to each alternative to ascertain and rate the impact, from both an 
environmental and an operational perspective. Where possible, 
Alternative B sites tend to utilize footprints of existing ranges, 
limit the isolation of useful maneuver terrain, be located in relative 
close proximity to the cantonment area for operational tempo, and 
utilize the existing impact area without creating any new impact areas. 
Alternative C sites tend to locate ranges on new ground where there has 
not been a range in the past. Alternative C sites also have a greater 
impact on training, range operation, off-site noise, and environmental 
resources. Overall, Alternative B will not have as severe an 
environmental impact as Alternative C, although some individual sites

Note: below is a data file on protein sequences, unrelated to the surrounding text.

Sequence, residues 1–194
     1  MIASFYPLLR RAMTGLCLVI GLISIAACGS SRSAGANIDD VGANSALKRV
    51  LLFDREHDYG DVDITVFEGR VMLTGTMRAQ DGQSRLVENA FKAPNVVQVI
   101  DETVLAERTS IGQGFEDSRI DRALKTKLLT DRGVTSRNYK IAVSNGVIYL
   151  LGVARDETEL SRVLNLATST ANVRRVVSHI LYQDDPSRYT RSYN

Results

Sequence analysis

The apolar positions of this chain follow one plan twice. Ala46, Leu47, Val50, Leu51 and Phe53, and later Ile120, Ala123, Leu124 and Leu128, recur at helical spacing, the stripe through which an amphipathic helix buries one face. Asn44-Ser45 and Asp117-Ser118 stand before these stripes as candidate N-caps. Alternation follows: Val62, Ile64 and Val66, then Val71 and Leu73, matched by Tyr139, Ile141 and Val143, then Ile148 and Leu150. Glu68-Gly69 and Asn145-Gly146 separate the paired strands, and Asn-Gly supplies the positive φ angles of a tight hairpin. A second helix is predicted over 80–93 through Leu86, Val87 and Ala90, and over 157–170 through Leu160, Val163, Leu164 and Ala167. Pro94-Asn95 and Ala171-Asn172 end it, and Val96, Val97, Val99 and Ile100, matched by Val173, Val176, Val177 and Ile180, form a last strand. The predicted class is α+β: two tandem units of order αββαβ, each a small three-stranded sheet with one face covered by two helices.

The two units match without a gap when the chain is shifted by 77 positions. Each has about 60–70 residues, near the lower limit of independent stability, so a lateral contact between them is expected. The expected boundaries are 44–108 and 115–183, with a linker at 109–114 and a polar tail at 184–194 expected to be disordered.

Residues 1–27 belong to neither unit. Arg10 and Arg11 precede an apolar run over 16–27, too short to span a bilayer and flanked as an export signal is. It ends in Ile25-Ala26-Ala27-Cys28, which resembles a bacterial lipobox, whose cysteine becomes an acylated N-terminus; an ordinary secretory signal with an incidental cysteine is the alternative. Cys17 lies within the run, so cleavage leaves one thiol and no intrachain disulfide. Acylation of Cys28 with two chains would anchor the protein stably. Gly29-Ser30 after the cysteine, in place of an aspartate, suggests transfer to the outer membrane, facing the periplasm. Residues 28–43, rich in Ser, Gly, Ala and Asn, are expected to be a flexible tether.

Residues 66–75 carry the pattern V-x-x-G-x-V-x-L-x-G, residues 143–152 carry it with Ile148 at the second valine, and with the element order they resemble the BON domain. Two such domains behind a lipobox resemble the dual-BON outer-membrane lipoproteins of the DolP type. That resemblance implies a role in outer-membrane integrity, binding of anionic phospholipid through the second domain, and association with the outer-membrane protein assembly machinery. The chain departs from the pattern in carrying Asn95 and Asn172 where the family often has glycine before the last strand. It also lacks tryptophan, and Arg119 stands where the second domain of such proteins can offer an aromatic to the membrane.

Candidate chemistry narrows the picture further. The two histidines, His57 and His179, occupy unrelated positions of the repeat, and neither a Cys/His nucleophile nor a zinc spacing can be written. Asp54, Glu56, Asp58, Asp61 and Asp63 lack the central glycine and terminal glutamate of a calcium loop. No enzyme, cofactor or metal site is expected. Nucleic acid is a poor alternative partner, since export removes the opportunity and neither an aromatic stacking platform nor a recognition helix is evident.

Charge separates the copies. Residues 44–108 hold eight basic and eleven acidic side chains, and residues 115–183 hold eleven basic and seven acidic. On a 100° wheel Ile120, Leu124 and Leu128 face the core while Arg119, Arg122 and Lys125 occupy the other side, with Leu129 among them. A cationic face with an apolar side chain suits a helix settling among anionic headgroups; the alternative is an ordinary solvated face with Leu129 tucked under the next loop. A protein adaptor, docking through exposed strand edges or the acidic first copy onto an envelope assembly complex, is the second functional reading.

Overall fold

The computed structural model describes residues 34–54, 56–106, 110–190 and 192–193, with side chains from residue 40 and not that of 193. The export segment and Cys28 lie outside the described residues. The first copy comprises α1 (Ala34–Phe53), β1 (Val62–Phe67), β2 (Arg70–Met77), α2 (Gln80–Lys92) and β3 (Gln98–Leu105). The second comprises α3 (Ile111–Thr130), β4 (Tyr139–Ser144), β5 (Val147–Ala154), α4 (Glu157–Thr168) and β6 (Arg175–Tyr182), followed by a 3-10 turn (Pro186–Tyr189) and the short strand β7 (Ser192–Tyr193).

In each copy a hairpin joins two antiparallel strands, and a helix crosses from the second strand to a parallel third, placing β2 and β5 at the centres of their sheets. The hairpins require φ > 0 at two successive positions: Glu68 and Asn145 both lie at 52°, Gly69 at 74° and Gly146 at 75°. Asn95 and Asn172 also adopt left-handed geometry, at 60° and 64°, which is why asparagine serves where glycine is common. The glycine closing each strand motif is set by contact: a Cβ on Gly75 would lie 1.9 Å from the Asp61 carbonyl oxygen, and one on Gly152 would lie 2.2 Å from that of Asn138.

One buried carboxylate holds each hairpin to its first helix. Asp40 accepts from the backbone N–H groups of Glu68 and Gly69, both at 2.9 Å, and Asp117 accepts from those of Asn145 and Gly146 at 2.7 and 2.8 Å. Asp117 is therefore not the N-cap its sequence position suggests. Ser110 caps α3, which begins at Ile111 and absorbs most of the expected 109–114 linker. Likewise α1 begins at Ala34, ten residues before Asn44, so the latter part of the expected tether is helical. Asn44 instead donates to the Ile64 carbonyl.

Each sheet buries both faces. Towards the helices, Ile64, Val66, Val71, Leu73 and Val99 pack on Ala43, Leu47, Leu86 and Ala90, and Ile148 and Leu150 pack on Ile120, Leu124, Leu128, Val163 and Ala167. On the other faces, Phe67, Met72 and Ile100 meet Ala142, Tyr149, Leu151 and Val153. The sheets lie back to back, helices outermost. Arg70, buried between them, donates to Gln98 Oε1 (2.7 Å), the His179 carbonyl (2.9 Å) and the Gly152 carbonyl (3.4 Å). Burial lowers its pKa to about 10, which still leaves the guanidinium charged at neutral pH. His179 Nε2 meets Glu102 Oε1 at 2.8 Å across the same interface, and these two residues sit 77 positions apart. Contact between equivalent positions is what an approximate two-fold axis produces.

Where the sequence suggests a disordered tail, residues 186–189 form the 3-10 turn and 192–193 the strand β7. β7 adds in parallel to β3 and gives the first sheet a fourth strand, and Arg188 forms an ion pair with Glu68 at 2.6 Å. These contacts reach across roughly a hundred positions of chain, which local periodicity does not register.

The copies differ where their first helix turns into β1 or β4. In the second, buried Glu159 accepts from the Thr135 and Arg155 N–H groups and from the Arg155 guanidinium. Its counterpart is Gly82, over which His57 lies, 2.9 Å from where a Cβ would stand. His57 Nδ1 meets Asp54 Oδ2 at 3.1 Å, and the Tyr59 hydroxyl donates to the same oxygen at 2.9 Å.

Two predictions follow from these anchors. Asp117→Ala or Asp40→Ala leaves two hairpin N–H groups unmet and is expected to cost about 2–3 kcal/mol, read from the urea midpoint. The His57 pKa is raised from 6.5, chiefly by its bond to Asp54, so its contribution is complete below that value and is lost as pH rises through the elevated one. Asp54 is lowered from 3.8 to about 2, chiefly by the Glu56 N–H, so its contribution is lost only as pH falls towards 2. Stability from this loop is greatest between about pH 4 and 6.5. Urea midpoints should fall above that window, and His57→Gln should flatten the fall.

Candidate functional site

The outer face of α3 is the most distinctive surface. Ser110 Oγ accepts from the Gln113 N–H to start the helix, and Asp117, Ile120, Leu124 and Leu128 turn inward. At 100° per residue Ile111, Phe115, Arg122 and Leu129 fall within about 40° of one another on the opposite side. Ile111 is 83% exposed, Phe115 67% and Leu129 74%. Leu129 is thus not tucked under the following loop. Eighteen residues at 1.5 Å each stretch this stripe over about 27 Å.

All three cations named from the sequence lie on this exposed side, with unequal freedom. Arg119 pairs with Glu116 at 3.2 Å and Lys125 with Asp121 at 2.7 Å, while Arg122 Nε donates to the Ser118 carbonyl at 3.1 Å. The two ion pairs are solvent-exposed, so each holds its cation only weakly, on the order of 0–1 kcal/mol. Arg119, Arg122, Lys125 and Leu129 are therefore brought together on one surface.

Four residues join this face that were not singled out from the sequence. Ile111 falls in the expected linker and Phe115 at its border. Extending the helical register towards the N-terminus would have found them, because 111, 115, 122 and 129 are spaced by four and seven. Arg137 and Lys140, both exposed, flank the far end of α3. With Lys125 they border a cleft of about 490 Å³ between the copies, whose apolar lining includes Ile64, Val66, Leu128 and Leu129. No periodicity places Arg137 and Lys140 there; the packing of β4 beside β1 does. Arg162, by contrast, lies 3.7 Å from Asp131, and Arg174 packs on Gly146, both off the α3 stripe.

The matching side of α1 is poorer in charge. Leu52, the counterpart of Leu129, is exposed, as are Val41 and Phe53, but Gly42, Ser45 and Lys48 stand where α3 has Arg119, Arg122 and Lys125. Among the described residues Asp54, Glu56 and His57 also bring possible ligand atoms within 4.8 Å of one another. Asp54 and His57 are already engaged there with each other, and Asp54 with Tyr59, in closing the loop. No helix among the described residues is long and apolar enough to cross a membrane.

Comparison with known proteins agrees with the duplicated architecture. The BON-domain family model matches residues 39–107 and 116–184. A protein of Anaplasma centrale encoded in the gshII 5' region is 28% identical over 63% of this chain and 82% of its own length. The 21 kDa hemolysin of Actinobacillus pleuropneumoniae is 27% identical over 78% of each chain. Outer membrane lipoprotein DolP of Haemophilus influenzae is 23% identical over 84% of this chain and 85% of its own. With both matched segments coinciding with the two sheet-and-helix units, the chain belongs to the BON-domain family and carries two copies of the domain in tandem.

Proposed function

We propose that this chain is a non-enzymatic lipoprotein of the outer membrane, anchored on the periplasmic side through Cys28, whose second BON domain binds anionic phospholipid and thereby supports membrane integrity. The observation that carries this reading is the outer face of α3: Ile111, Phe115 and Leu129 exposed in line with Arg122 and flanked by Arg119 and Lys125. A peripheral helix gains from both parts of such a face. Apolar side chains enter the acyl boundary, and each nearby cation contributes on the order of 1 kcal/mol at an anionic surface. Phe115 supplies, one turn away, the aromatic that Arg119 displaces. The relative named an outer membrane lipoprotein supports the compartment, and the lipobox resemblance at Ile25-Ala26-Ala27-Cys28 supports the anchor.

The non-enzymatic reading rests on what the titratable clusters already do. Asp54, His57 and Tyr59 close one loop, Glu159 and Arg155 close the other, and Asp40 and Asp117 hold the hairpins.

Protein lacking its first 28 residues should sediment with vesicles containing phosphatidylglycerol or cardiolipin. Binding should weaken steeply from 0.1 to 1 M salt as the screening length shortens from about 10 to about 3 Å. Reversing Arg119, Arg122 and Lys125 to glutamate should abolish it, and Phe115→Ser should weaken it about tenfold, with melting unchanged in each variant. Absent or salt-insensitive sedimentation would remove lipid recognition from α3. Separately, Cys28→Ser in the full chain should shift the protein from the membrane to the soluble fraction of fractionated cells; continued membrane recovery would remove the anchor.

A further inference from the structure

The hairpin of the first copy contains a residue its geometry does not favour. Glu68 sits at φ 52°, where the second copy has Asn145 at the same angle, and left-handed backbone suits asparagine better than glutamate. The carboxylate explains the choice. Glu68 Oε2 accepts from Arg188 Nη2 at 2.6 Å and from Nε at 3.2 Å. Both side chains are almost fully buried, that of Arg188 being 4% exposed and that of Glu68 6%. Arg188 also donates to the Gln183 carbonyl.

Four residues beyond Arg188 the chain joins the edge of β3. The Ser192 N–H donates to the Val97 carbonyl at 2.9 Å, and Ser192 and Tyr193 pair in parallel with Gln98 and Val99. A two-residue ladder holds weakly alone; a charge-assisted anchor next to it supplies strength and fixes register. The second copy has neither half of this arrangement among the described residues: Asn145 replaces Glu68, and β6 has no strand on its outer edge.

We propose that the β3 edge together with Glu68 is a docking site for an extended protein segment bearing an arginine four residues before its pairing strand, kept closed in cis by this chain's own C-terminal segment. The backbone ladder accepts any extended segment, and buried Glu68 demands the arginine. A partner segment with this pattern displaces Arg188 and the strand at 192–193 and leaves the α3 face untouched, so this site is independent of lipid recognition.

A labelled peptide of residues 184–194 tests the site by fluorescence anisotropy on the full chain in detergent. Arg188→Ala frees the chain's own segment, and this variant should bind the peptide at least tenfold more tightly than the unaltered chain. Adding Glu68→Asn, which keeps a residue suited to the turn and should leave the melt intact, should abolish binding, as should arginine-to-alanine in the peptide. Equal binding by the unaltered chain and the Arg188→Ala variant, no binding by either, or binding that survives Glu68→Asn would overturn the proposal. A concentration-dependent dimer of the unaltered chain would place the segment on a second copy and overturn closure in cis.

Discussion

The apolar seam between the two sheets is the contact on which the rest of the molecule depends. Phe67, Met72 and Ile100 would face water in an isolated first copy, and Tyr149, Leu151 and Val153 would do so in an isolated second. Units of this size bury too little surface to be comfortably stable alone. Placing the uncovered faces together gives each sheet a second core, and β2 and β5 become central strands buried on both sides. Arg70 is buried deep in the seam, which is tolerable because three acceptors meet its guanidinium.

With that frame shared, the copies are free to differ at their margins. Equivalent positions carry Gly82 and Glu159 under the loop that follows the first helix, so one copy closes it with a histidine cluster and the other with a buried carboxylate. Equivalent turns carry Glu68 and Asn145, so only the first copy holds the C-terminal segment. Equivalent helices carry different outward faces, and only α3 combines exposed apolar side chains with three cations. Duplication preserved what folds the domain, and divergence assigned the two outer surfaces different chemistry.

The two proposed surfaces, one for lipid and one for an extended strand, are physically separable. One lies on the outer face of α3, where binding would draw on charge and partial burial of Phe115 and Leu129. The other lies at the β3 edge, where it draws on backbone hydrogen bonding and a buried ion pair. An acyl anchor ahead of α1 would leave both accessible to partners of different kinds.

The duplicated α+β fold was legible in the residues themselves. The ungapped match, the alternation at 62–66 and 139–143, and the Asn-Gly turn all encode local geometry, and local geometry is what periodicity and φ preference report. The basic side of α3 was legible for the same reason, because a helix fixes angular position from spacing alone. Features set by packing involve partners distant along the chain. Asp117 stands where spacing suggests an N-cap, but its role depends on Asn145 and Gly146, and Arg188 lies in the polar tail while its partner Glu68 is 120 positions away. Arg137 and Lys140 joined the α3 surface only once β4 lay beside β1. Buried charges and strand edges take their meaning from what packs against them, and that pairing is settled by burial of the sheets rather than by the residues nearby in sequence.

may. After consideration of all anticipated operational and 
environmental impacts, Alternative B is the Army's preferred 
alternative.
    Impacts are analyzed for a wide range of environmental resource 
areas including, but not limited to, air quality, noise, water 
resources, biological resources (to include protected species), 
cultural resources, socioeconomics, infrastructure (utilities and 
transportation), land use, solid and hazardous materials/waste, and 
cumulative environmental effects. No significant impacts are 
anticipated on any of these environmental resources.
    The Army invites the public to comment on the DEIS and to 
participate in public meetings which will be announced in local news 
media. The DEIS is available at local libraries surrounding Fort 
Stewart and the document may also be accessed at http://www.Fortstewart-mmp.eis.com. Comments from the public will be 
considered before any decision is made regarding implementing the 
proposed action at Fort Stewart.

    Dated: March 19, 2010.
Addison D. Davis, IV,
Deputy Assistant Secretary of the Army (Environment, Safety and 
Occupational Health).
[FR Doc. 2010-7452 Filed 4-2-10; 8:45 am]
BILLING CODE 3710-08-P